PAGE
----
Re: Employees Misclassified as Independent Contractors
I wouldn't blame the employees if I were you, the IRS has certain ways to find out when this happens. I know I received a long questionaire regarding a former employer who pulled this stunt on me and any other employee with whom they could get away with it.
There are very specific rules as to who is considered an employee, and who is an independent contractor. You have to follow those rules. They were established by the government to protect people from being taken advantage of.
If you are going to call people independent contractors, you really need to know what one is.
Very basically, if an employee has to work at a certain place during certain hours, uses your equipment, is under an obligation to train under your rules, and doesn't spend their own money/resources to get the job done, they are probably an employee. This is an extremely basic overview of it though.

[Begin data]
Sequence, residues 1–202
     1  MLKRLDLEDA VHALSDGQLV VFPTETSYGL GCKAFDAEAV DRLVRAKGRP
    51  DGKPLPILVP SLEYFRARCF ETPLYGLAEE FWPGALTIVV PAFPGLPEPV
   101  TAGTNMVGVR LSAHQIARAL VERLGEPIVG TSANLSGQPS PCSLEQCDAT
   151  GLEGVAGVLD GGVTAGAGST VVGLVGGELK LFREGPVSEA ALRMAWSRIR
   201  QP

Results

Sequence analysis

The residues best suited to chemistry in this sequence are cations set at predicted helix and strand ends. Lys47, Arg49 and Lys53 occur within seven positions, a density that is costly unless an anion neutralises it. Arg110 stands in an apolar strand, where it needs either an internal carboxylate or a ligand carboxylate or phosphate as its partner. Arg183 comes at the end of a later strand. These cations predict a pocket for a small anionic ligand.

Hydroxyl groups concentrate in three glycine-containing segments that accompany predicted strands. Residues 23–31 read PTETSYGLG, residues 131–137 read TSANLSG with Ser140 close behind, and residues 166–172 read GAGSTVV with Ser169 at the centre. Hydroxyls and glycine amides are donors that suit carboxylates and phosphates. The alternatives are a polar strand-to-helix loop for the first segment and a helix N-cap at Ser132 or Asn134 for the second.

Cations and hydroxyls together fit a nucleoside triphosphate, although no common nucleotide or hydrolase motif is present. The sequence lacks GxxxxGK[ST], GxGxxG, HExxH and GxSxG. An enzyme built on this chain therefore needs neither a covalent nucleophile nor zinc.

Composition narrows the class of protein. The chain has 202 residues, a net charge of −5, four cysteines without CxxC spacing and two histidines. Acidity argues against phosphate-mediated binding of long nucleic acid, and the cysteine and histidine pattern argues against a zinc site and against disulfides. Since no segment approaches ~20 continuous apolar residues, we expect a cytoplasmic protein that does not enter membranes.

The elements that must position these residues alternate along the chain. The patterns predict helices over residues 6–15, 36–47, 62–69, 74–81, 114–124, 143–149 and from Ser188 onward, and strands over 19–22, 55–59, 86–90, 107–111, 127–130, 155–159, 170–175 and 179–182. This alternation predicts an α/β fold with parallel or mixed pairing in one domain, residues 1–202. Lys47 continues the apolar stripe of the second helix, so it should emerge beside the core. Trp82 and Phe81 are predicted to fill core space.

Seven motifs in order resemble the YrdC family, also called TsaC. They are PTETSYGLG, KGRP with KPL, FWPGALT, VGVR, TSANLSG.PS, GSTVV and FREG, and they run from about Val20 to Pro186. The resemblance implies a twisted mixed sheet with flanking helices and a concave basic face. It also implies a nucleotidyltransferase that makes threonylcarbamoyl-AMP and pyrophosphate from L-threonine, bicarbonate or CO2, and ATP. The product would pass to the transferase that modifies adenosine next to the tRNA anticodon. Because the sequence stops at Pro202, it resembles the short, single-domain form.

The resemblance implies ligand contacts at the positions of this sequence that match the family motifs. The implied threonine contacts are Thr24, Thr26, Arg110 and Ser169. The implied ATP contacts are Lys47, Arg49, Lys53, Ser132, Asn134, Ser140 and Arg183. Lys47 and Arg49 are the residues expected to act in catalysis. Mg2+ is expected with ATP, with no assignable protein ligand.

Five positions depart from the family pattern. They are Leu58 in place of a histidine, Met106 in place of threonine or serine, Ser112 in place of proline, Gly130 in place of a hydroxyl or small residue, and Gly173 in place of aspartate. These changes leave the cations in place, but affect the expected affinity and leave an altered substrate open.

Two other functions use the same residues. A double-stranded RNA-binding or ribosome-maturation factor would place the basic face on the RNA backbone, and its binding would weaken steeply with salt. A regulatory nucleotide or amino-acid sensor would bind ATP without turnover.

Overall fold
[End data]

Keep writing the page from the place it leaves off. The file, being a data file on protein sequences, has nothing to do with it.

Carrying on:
According to: http://jobsearchtech.about.com/od/la...aa121800_2.htm
"Although all agencies concerned are always on the lookout for violators, the IRS takes the lead here too, and aggressively so. If it finds a company guilty of misclassifying its workers, the IRS might require the company to pay all back withholding taxes plus interest, even if the misclassified independent contractors have already paid their taxes. The IRS might also levy huge fines and press criminal charges against the company officials. Once the IRS moves in, it opens the doors for the other agencies to collect their due. If there's anything left, the misclassified independent contractors might collect, too. Misclassified independent contractors have successfully sued for unemployment insurance, stock options, overtime pay, retirement benefits, profit sharing, disability payments, workers' compensation and more, in so-called "permatemps" and related lawsuits."
Unless a source is cited, anything posted here by me is only my opinion, and is not meant as legal advice.